Bitcoin (BTC -0.27%) has delivered a staggering return of 27,000% since it launched in 2009. But as with any investment, that return didn't come in a straight line. Bitcoin has hit numerous peaks and dips along the way, and 2021 was a rollercoaster for the coin's trading price.
There are near-term headwinds weighing on its performance, but over the long term, there are good reasons to believe we haven't seen the last high for this popular cryptocurrency.
Headwinds in 2022
Bitcoin is off 45% from its all-time high of $68,789 that it touched in November. Several factors are contributing to that lackluster performance, including rising interest rates, declining appetite for high-risk assets, and geopolitical tensions.
The recent performance of Bitcoin in response to these uncertainties raises questions about its status as "digital gold," or a hedge against faster inflation. Unlike the U.S. dollar, Bitcoin has a fixed supply, which should support a rising value over time as demand increases. The supply of Bitcoin now stands at about 18.9 million, but the supply is capped at 21 million coins. In theory, that should make Bitcoin a good hedge against inflation, but that hasn't played out.
Bitcoin's recent performance shows an inverse relationship with the increase in long-term Treasury bonds, with yields rising during periods of inflation. As the 10-year U.S. Treasury rate rose in recent months, the price of Bitcoin fell, reflecting a negative correlation between the two.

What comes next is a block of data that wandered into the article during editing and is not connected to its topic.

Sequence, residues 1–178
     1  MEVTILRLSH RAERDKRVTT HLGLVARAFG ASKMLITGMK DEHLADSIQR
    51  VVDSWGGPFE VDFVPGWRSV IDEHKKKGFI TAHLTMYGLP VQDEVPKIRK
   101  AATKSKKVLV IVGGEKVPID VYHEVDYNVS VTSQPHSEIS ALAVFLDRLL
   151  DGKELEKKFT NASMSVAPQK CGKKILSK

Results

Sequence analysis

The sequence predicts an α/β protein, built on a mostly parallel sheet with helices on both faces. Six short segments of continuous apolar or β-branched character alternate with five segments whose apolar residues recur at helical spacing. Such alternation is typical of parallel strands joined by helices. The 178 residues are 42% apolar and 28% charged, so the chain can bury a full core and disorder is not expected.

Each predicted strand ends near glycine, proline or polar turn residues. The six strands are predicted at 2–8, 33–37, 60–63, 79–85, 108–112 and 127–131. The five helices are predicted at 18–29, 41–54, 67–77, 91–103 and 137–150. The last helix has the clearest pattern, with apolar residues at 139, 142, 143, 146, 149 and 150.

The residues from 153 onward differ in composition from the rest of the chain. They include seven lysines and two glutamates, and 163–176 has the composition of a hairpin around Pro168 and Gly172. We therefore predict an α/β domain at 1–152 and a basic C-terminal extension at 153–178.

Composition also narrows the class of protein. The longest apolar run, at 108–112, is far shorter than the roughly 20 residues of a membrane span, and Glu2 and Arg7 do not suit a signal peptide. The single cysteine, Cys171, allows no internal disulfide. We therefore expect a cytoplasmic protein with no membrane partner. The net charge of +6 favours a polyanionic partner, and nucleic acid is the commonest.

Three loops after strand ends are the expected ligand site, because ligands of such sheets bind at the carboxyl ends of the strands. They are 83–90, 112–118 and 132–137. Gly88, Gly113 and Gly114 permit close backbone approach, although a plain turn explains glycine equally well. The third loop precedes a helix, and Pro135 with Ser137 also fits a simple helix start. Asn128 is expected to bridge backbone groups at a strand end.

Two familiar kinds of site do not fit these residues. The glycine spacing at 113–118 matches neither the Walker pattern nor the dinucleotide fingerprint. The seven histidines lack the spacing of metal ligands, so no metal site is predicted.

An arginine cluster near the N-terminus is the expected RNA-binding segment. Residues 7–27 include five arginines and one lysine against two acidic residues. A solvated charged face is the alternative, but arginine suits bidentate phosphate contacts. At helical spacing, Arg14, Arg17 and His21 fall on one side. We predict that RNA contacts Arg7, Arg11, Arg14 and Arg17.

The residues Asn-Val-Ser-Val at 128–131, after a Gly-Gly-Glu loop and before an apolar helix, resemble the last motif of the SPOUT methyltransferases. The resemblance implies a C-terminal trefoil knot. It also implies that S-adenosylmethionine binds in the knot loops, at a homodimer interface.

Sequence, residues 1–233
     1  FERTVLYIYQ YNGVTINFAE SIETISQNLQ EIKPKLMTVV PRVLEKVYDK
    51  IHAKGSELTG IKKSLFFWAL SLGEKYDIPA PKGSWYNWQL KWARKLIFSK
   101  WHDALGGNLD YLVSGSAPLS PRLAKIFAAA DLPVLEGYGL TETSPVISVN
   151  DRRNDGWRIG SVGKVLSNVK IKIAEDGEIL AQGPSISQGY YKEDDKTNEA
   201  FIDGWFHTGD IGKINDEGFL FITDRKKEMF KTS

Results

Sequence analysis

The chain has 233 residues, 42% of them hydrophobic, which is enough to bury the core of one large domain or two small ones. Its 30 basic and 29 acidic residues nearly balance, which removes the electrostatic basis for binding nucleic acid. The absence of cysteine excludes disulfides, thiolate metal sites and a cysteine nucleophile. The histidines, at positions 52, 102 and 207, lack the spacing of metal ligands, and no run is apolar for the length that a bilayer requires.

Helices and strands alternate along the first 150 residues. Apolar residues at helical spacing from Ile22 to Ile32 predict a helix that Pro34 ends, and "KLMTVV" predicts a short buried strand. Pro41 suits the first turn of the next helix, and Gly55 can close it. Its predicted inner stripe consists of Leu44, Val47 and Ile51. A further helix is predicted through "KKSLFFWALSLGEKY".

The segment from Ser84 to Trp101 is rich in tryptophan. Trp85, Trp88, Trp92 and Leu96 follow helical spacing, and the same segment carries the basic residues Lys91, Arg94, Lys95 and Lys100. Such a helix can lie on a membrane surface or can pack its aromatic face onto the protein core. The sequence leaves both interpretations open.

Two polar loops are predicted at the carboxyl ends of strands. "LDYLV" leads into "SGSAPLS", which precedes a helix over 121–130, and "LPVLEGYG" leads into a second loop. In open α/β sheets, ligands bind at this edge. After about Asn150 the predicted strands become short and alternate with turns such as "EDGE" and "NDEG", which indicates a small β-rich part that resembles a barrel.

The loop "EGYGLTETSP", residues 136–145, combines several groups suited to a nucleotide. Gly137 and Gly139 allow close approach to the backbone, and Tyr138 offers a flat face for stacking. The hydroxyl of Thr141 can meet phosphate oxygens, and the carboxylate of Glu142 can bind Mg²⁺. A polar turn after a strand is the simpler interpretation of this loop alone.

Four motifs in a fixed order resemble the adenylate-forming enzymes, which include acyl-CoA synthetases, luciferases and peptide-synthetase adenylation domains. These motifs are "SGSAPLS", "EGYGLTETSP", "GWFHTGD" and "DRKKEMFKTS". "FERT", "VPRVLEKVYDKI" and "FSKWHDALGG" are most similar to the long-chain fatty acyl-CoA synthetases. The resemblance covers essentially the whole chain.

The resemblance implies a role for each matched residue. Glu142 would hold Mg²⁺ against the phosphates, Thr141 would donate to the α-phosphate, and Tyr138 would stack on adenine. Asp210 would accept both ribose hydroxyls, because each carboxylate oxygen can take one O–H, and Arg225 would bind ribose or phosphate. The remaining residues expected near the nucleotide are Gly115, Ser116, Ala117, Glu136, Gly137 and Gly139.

In turn, Bitcoin shows a high correlation with the performance of the stock market. When a bull market is raging, Bitcoin tends to outperform equities. But during market dips, Bitcoin underperforms.
Bitcoin has a place in a diversified investment portfolio, but its trading history shows that it's highly correlated with market sentiment for high-risk, high-growth assets. Cryptocurrencies are a risky investment, but there is one factor that could send Bitcoin higher over the long term.
Trillions in global wealth
Bitcoin's fixed supply serves as a long-term catalyst for rising prices. Consider that Bitcoin's market value is about $700 billion at the time of this writing, yet the total value of gold owned by investors is estimated at $2.6 trillion. Goldman Sachs believes that more of that money sitting in gold will shift to Bitcoin over time. Because of the coin's fixed supply, a reallocation in those assets could send Bitcoin's price higher. It's a matter of supply and demand.
Other indicators also point to growing interest in Bitcoin. It's the most widely accepted cryptocurrency at merchants worldwide, and wealthy individuals, including sports stars and billionaire investors, are starting to allocate a portion of their net worth to crypto, which means Bitcoin is likely here to stay.
What's more, Boston Consulting Group estimated that global wealth reached $431 trillion in 2020. It would only take a small shift in that amount of wealth toward Bitcoin to lift its price over time. So, yes, Bitcoin can reach $100,000. But given its trading history, that's not likely going to happen until inflation headwinds subside, interest rates stabilize, and another bull market for stocks kicks off.